Expandability is the capability of a computer system to accommodate more memory, additional disk drives, peripherals, or other devices that enhance its usefulness or performance. Synonymous with an upgrade. Thanks to recent expansion bus technologies such as USB and IEEE 1394 (FireWire), most of today’s personal computer systems are easily expanded; however, computer shoppers should note that some system upgrades may require physical slots (such as expansion slots or memory slots) on the computer’s motherboard.
Technipages Explains Expandability
Expandability is a PC’s capacity to expand its ability while retaining or increasing processing time. Such a computer system can allow an increase in its ability and capacity. On hardware, it includes expanding or improving hard disks, memory, or video boards. On programming, it is supporting more system clients, permitting a more noteworthy number of ‘hits’ from site guests, or getting quicker calculating. Allude to extensibility and scaling.
With PC hardware, expandability is a term that portrays including new equipment in a PC that improves its capacity. For instance, with hardware expandability, you could boost your hard drive with an SSD and get a lift in performance, so the PC runs all the more easily. Performance increment makes the general PC run faster. For instance, including a bigger hard drive enables the PC to store more data. Including more memory expands the PC’s capacity to run more projects effectively. It might be essential to overhaul the PC to meet a program or games framework prerequisites. Even though the advantages will exceed the burdens of expandability, it is as yet crucial as to what inconveniences there might be when expanding.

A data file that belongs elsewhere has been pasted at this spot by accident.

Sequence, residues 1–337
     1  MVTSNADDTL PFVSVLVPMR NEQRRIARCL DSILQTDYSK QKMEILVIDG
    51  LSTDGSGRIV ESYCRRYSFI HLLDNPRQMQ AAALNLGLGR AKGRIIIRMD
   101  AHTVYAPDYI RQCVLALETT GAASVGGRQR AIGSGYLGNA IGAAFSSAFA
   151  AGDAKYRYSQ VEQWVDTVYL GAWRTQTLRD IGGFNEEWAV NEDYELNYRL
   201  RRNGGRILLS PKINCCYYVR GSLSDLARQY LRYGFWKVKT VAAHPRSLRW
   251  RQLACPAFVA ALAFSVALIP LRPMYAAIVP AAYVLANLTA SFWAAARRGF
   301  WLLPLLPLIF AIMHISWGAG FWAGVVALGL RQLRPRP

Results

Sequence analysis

If unused memory slots are not present, for example, the system’s memory capacity may not be easily expanded without additional and unnecessary costs. For instance, if the system is equipped with two 64 MB memory chips and two memory slots, an upgrade to 256 MB of memory will require discarding the 64 MB chips and installing two 128 MB chips. Expandability is not the same as scalability; a scalable system can accommodate more users without unacceptable performance degradation. See expansion slot, scalability.
Common Uses of Expandability
- This software expandability proves the versatility of the device as a tool for business users and individual owners.
- The platform has good flexibility and expandability. It integrates well with other software.
- His idea comes with good generality and expandability. Likewise, it supports concurrent compiling and advanced improvement.
Common Misuses of Expandability
- The software has advantages such as weak and limited expandability, high stability and multipurpose integrating.